The operation of a VTC involves collaboration among various key personnel, each with specific roles to ensure the program’s success. Key components include the integration of alcohol, drug treatment, and mental health services with justice system case processing. This multidisciplinary team typically consists of:

The judge plays a pivotal role in overseeing the court proceedings and making final decisions on the veteran’s progress and compliance with the program. The VJO specialists are crucial in connecting veterans with VA resources, including healthcare, housing, and employment services. They also help in coordinating services with local treatment providers.

Since their establishment, VTCs have spread across the country, each adapting to the specific needs of their local veteran population. The core mission of these courts is to divert eligible veteran offenders from the traditional criminal justice system and instead provide them with targeted services that address the root causes of their criminal behavior.

The Judge’s Role in Veterans Treatment Court

The Veterans Treatment Court system is a specialized court designed to handle cases involving US military veterans facing legal issues, often as a result of service-related psychological impacts and substance use. Central to the VTC’s multidisciplinary approach is the role of the judge, who serves as both a leader and a decision-maker within the court’s collaborative framework. 

Key Responsibilities of the Judge

  • Heads the VTC team, ensuring that all members work cohesively towards the court’s objectives.
  • Reviews case status reports to keep abreast of each veteran’s progress and challenges.
  • Leads weekly team meetings, facilitating discussions and decisions regarding case management.
  • Acts as the final arbiter on decisions, particularly when consensus is not reached among team members.

According to resources from the Bureau of Justice Assistance, the inception of the first VTC by Judge Robert Russell in Buffalo, New York, set a precedent for the significant role of judges in these courts. The judge’s responsibilities extend to ensuring that decisions are made fairly and with dignity, respecting the unique circumstances of each veteran. This includes applying rules accurately and basing decisions on facts rather than opinions, as highlighted by veterans’ perceptions of procedural justice within the VTC system.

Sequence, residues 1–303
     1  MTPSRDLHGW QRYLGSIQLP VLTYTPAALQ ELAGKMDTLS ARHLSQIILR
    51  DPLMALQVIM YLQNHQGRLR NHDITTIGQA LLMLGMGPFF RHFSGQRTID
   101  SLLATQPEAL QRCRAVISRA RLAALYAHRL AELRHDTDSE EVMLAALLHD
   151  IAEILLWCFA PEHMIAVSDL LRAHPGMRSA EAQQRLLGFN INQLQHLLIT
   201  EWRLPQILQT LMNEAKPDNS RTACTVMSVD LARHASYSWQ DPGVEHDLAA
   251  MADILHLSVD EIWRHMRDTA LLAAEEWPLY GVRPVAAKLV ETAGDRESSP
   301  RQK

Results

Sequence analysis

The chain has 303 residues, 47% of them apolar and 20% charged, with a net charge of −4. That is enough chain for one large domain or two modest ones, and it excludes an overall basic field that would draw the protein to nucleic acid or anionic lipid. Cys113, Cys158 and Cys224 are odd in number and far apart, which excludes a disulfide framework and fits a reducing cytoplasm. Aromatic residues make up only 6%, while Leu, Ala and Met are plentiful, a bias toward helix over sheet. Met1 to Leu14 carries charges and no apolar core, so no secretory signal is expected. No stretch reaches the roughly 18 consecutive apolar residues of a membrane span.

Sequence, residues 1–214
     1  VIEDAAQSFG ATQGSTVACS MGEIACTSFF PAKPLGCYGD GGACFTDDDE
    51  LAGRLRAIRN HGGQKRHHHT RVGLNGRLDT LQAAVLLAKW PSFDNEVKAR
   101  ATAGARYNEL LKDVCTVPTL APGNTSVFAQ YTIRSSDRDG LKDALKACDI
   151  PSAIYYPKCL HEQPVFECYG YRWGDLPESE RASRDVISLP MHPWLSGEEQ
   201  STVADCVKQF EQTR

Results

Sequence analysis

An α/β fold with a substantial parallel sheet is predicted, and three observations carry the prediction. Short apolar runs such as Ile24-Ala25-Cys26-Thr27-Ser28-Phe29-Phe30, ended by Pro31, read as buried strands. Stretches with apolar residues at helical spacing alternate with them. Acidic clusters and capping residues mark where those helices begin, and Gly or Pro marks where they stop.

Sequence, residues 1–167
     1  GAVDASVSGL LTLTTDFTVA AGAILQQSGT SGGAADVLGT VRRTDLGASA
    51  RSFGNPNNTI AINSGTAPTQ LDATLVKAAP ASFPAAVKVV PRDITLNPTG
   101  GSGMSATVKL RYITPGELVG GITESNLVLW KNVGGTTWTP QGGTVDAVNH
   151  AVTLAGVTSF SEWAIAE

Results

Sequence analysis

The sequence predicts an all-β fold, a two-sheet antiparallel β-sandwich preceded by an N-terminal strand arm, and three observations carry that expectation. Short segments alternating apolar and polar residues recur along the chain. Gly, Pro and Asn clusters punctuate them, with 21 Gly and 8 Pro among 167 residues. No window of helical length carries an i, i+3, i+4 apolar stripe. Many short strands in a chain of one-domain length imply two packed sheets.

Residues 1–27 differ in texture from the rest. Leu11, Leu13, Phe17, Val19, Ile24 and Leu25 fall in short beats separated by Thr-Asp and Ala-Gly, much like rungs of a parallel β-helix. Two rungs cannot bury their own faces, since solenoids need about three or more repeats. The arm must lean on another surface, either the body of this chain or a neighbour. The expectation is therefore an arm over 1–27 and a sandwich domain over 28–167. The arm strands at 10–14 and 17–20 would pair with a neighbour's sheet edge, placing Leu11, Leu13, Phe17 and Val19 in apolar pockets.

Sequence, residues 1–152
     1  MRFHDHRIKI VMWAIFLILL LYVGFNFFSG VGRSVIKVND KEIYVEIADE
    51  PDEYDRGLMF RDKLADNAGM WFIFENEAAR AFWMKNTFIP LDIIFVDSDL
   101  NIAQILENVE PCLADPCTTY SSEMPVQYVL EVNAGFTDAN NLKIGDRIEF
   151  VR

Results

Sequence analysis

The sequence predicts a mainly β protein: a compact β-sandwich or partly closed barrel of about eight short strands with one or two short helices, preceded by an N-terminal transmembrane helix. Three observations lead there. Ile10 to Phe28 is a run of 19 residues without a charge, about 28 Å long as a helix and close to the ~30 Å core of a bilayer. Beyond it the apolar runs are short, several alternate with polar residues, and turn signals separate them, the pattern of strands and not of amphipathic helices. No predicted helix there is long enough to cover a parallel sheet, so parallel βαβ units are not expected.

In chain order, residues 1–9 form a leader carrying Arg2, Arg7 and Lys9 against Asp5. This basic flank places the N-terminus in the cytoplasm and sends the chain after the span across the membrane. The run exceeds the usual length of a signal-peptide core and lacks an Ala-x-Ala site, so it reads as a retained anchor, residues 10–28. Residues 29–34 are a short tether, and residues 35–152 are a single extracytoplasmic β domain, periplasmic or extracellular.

Furthermore, the judge’s role is critical in upholding the integrity of the court’s mission to provide veterans with access to comprehensive treatment and rehabilitation services, fostering an environment conducive to their recovery and reintegration into society.

The Role of Veterans Justice Outreach Specialists

Veterans Justice Outreach (VJO) Specialists play a pivotal role in the support system for justice-involved veterans (JIVs). Employed by the Department of Veterans Affairs (VA), these specialists are tasked with a crucial mission: identifying veterans within the criminal justice system and facilitating their access to VA services as promptly as possible. The Veterans Justice Programs aim to create and maintain vital partnerships between the VA and key components of the criminal justice system for this purpose.

Key Responsibilities of Veterans Justice Outreach Specialists

  • Provide direct outreach to veterans in local courts and jails
  • Conduct assessments to determine the needs of veterans
  • Manage cases to ensure that veterans receive comprehensive care and support
  • Serve as a liaison between the veterans and the local justice system partners
    • This includes linking them to mental health and substance use disorder treatment, which is a primary mission of the VJO program, as highlighted by research.
  • Coordinate with local justice systems to help veterans navigate the legal process
  • Connect veterans to housing, healthcare, and job services

The goal of these efforts is to address the increased risks of homelessness and mental health conditions among arrested and jailed veterans. With over 30,000 veterans served in FY 2020, the VJO program and its specialists are a critical gateway to vital services for veterans in need.

VTC Eligibility and Admission Process

The Veterans Treatment Court is a specialized court system designed to address the unique needs of veterans, particularly those with PTSD and substance misuse issues. Eligibility criteria for VTCs vary but typically exclude veterans charged with severe offenses such as 

  • Homicide
  • Sex offenses
  • Arson